The onslaught of black gangster films that were distributed in the early-to-late 1990s are the media descendants of blaxploitation films of the 1970s. They similarly portrayed black life in stark terms: as a limited, progressively negative view of blackness in the minds of Americans and international communities that have had scarce, if any, actual contact with black bodies.
The litany of Hip-hop inspired west-coast-gangster films did much to shape the perception of blackness in the minds of non-blacks and black folk alike. Further, it has had a tremendous impact on how young black folk came to understand their environment and themselves. These series of film used many rap artists associated with so-called gangster music to portray the decay of inner-city blackness. And while the films definitely illustrated stories of nihilistic suffering that engulfed ‘hood communities, it did just as much to perpetuate stereotypes of black men as “the wild black buck” and black women as the “scantily-clad vixen” that continues to be portrayed in contemporary Hip-hop music and culture.
“These are just an illustration of a few scenes that helped raise a generation.”
Running almost parallel to the timeline of the Golden Age of Disney films, black gangster films began to proliferate after the success of New Jack City; a gritty film about a ruthlessly aggressive drug lord in New York City, and, to a lesser extent, the attention Kings of New York garnered as a result of great performances from Christopher Walken, Wesley Snipes, and Lawrence Fishburne in 1991. But the marriage of Hip-hop and gangster film didn’t gain traction until west-coast-gangster rappers begin to influence the art and style of these films in the advent of Boyz ‘N The Hood, Menace II Society, South Central, Juice, and a host of other films.
In the late 1980s into the 1990s, representations of blackness on film was limited at best and deliberately stifled at worse. The commonality among all of these films is not only that they are about black youth in urban environments, but that they star Hip-hop artists that added to the credibility and authenticity of these films in the eyes of young black boys and girls. As Hip-hop continued to gain traction as the years unfolded, artists such as NWA and UGK brought urban, gangster life from cultural obscurity to the fore of the American life. Indeed, movie studios and young black directors sought to appropriate the marketing strategies that had become so successful in gangster music. As a result, young black men and women began to identify themselves with the antics of the films just as they had saw imitated and saw themselves reflected in so-called gangster music.
Lupe remembers. He reminds us with vivid detail of every gruesome scene; every drug deal gone bad, every tragic drive by, all of the angst that these films held because they are so ingrained in his psyche.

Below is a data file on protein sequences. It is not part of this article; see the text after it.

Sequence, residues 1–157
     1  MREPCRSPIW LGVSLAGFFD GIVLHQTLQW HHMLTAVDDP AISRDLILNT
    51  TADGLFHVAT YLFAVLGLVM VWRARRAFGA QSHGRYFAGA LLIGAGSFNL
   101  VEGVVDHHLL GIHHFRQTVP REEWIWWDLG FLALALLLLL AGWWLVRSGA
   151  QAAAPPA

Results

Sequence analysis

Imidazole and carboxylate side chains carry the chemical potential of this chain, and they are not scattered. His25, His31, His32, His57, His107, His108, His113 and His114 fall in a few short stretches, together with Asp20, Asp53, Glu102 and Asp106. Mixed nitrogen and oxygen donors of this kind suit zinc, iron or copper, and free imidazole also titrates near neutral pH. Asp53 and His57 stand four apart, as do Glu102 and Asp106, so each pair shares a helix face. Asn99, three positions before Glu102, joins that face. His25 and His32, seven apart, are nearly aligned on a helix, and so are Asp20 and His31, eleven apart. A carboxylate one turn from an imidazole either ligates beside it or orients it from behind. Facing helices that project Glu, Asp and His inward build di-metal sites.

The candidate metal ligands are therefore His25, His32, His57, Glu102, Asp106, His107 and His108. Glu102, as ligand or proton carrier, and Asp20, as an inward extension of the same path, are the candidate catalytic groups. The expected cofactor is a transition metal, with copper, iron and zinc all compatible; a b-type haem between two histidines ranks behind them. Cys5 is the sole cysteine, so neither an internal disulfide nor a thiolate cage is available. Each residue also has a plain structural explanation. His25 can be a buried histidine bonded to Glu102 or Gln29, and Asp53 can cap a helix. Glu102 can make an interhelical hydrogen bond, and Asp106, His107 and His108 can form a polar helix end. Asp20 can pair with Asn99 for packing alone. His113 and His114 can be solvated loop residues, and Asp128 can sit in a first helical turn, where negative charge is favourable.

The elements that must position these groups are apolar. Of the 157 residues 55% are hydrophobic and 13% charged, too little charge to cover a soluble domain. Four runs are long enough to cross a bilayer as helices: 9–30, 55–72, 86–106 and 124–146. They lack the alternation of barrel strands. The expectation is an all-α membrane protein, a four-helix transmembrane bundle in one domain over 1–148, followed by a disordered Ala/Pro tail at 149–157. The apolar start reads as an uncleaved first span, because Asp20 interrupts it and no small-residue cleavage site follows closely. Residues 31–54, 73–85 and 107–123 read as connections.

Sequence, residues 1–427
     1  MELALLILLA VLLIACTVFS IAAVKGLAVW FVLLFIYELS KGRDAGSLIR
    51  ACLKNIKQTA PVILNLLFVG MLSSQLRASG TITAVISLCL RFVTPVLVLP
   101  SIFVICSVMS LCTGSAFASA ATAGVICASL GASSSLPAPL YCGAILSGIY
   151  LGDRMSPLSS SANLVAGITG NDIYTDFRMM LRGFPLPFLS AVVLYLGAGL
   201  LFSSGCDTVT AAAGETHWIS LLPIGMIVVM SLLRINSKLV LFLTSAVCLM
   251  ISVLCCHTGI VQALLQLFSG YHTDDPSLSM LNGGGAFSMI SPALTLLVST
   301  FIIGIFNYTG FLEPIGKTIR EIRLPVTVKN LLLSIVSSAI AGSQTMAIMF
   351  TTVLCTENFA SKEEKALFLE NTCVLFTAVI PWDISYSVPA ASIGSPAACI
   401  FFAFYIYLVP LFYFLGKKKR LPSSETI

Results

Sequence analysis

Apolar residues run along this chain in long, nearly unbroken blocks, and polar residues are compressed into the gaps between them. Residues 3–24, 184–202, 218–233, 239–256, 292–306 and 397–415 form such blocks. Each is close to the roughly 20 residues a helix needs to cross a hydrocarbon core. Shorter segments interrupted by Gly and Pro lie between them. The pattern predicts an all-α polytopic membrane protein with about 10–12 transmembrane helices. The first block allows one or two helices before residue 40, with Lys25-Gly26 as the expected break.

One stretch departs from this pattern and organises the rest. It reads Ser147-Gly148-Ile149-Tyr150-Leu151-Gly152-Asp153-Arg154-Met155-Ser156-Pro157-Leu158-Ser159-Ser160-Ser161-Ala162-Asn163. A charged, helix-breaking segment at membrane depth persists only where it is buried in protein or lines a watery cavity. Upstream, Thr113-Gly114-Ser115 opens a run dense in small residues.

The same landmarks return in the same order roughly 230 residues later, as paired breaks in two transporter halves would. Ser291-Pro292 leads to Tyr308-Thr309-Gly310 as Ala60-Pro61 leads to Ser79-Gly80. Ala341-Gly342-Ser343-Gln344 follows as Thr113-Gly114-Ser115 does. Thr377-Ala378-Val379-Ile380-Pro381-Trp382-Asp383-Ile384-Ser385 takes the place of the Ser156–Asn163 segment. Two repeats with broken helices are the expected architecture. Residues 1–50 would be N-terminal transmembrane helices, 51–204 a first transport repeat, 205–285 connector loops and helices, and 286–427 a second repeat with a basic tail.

Lupe captures every scene with extreme detail in an effort to illustrate that most of his bars are coming from memory. He also weaves together scenes from a span of gangster films that have impacted his life and engages listeners in a way that conjures up a series of memories once so vivid in the imaginations of a generation of urban audiences:
Remember when Lorenze Tate beat Terrence with that pool stick…
Or when Caine pistol whip Chauncey and that fool snitched…
Remember when the whole crowd stopped and got tense/ Then they cheered when Steel put hi hand upon the fense.
Remember when Bobby took off his tear/and when Doughboy disappeared/After his brother died and he said nobody cared?/ I still do after all these years…
The purpose of such detail is to illustrate the impact of these films on his worldview. As a young man watching ganster films, the films had enormous influence because of the limited representations of blackness in the mass media.
It puts those familiar with these films back there, down to the infamous scene when Cain robs a guy at a fast food restaurants and makes him order a “double-burger w/ cheese” to throw salt in the wounds.
All of the films have young black kids experiencing trauma in vivid details that show how their dysfunctional conditions influenced the direction of their lives. Ironically, these films had done the same in the 1990s for a generation of young men and women who grew to associate these actors and lifestyles with their self identity. Only this time it was amplified by mass media distribution.
Lupe does a great job of breaking down these films from a psychological level to show how they each are connected and how they have shaped the black identity as a result of being bombarded and engaged by the black gangster film mystique.
On the whole, they were entertaining films that immediately shed light on the blight of blacks living in the shadows of Ronald Reagans America. On the other hand, they did much to perpetuate negative images of blackness in the minds of the young folk modeling themselves after these images.
These films were metaphorical “Double-Burgers w/ Cheese:” they helped satisfy the immediate appetite for black portrayals in film, but they also became idelible models of what young black kids aspired to become; and is detrimental in the long run. Tupac warned us about the effect of black self perception if changes aren’t made: “we’ll have a race of babies that will hate the ladies that make the babies.”
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